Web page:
The Nika Riots: When Hooligans Nearly Razed The Biggest City On Earth
The biggest rivalry in sports isn’t actually between two different fanbases. It’s between people who like sports, and people who couldn’t care less. We all have that friend who walks into a room with a game on and cries, “Oh boy, I love sports! Who has the best score! I hope they put the ball in the net more times than the people wearing the other color! Wow, what a touch-dunk!”
And of course, it leads to uproarious laughter every time.
Alright look, if you don’t like sports, I’m not going to tell you that you need to care about them. But if you’re going to try and tell me that sports don’t matter, then I’m going to have to disagree with you. Sports matter to people very much. In fact, they have mattered to people for thousands of years. And if you tried to tell me, “I think sports matter too much to people,” I’d reply with, “Well, it used to be so, so much worse.”
You think Philadelphia Eagles fans went a little too crazy when they won the Super Bowl? You think Vancouver Canucks fans rioting after losing the Stanley Cup Final was bad? That was nothing. Over a thousand years ago, a group of rowdy sports fans almost tore the largest and most powerful city on Earth to the ground.
I’m talking about the Nika Riots. If you think soccer hooligans are a bit intimidating, thank your lucky stars you didn’t live in 6th-century Constantinople.
Pick A Side
Back in the day, Constantinople was the largest and most influential city in the world. And, just like a modern city, its people watched all kinds of competitive sports. The biggest by far was chariot racing. Crowds would flock to the city’s legendary Hippodrome, which could hold over 100,000 people, to watch their favorite racers duke it out for fame, wealth, and glory. Racers from different factions would wear different colors and by 500 AD, these colors meant everything.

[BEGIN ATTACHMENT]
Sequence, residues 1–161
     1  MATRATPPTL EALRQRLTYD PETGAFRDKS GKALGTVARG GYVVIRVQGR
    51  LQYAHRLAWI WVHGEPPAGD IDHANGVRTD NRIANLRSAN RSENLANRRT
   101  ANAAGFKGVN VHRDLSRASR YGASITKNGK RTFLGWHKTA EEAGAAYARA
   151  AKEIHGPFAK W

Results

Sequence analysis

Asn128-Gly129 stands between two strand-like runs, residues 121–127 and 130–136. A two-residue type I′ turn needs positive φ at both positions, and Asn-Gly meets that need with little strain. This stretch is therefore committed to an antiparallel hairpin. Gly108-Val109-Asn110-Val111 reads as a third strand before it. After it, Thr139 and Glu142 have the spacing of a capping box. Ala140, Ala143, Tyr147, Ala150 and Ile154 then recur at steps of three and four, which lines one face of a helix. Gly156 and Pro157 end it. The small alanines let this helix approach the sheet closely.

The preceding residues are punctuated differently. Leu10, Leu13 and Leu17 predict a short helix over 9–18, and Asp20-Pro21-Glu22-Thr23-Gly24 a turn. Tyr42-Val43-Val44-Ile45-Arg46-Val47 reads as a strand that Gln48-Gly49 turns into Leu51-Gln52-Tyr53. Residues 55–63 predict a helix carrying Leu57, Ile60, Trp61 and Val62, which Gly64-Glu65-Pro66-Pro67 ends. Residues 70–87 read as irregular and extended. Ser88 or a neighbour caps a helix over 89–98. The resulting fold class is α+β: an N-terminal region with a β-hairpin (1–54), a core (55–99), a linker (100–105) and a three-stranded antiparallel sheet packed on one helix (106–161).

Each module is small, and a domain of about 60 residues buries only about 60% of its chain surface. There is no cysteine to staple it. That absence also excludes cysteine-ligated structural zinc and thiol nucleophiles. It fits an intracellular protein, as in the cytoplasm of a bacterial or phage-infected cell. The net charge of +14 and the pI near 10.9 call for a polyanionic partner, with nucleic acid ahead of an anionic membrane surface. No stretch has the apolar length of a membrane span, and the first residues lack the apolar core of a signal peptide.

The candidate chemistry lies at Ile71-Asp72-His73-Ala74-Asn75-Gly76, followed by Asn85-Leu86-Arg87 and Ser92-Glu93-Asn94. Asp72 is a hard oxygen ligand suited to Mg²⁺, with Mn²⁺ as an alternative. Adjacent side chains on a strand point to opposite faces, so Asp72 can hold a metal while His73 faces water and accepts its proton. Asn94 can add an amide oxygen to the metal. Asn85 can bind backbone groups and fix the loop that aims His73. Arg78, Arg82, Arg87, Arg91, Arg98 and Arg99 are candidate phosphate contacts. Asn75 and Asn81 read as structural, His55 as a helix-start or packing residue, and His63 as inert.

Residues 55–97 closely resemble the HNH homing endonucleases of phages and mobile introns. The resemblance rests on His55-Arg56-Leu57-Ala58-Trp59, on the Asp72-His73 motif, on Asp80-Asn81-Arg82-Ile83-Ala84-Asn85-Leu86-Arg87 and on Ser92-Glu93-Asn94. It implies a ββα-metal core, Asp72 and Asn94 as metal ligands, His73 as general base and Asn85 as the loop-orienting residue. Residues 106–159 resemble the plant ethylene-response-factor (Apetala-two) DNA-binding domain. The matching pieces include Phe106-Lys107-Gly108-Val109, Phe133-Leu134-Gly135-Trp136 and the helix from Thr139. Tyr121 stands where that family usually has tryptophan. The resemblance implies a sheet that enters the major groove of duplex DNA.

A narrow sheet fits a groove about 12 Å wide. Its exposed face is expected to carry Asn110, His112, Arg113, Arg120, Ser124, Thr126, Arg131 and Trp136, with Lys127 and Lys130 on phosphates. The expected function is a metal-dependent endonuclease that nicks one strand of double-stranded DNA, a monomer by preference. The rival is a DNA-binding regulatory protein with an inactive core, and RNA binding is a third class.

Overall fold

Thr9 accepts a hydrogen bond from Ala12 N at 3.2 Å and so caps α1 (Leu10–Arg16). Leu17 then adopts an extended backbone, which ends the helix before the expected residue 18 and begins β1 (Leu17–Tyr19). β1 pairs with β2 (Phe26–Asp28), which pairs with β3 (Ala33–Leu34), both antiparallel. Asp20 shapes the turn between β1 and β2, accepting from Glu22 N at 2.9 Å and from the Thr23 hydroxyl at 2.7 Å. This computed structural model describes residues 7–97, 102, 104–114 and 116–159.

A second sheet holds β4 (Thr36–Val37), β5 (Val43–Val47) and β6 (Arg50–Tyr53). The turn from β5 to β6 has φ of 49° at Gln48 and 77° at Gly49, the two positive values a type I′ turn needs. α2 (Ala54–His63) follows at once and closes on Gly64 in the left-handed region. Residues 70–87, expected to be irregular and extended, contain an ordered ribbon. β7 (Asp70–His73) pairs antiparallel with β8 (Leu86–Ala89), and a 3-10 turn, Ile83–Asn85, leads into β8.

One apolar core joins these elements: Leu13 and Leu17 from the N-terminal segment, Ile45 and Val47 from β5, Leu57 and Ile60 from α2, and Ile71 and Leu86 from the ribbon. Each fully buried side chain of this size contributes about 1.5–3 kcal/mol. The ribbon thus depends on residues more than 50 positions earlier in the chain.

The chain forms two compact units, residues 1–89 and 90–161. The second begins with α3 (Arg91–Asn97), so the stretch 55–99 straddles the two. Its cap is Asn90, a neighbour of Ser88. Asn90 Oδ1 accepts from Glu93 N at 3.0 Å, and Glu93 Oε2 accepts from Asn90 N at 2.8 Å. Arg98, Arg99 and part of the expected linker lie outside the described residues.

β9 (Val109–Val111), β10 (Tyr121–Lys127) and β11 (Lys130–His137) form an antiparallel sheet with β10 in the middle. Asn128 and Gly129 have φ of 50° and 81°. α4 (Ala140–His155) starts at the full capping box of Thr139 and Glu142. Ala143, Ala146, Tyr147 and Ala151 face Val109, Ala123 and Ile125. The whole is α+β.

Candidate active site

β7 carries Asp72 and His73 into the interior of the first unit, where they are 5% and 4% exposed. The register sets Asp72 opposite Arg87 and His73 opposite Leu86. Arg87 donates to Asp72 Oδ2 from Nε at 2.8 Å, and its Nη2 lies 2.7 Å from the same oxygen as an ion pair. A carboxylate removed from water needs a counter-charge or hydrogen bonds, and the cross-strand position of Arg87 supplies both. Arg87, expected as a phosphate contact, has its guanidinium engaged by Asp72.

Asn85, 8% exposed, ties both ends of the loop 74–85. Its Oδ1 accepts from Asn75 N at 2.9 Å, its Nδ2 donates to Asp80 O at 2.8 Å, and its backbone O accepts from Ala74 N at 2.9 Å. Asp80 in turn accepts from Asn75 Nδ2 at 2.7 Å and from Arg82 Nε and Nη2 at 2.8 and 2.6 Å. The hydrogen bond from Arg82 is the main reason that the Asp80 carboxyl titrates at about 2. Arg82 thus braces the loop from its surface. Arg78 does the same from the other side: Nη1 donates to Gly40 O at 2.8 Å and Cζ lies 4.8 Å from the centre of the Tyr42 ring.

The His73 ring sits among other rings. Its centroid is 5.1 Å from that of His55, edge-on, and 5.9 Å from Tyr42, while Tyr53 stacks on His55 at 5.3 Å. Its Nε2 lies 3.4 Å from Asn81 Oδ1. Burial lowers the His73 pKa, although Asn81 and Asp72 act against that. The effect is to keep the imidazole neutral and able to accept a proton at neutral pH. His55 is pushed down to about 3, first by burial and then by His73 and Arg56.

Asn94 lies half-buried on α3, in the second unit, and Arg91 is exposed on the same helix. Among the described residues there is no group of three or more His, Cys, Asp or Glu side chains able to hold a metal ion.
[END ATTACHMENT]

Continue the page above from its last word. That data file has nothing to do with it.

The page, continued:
Massive factions, or demes, sprouted up around different colors. But being part of a particular deme meant a whole lot more than who you cheered for. These factions grew more and more powerful until they became hugely influential political agents in the city. Picture the rivalry between Yankees and Mets fans…if the fans were all a part of the same street gang…and if those gangs decided who was the president.
Sound like a recipe for destruction? Yeah, I bet you can see where this is heading.
Blues Or Greens?
There were a few main demes in Constantinople but by the 6th century, only two really mattered: The Blues and the Greens. The emperor at the time, Justinian, supported the Blues and he watched each of the races along with his people. As you can imagine, that made him hugely unpopular with anyone who rooted Green.
Let’s use our imaginations here for a second: What if Democrats and Republicans each had a sports team, they played each other every week, and the president went to every single game. That might give you some idea of what it would be like at the Hippodrome of Constantinople. Greens would shout demands at the emperor between races, fights would break out in the stands constantly—it was a madhouse. But that’s just the beginning.
You see, some of the more powerful Greens might have even thought that they had an even better claim to the throne than Justinian—and they had mobs of rabid Greens to back them up.
Now, if you’re reading this and thinking, “How long could this have possibly lasted before the entire thing exploded?” then you’re asking the right questions. In 531, all hell finally broke loose.
This Felt Inevitable…
Justinian’s popularity was at an all-time low. He was dealing with foreign crises, and his city was starting to slip from his grasp. Then, the straw that broke the camel’s back finally came.